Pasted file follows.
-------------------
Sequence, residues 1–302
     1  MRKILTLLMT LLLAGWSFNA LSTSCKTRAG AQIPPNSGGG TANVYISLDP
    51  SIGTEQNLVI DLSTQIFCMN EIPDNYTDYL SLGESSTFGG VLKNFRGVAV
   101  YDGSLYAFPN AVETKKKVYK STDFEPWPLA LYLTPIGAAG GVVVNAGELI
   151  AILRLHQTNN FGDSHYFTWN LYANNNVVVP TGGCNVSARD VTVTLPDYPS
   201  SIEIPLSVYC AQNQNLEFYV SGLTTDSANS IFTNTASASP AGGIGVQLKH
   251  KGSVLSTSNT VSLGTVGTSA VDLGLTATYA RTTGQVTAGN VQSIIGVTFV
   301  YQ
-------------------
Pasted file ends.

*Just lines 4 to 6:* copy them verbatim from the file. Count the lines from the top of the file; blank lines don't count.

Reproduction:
   101  YDGSLYAFPN AVETKKKVYK STDFEPWPLA LYLTPIGAAG GVVVNAGELI
   151  AILRLHQTNN FGDSHYFTWN LYANNNVVVP TGGCNVSARD VTVTLPDYPS
   201  SIEIPLSVYC AQNQNLEFYV SGLTTDSANS IFTNTASASP AGGIGVQLKH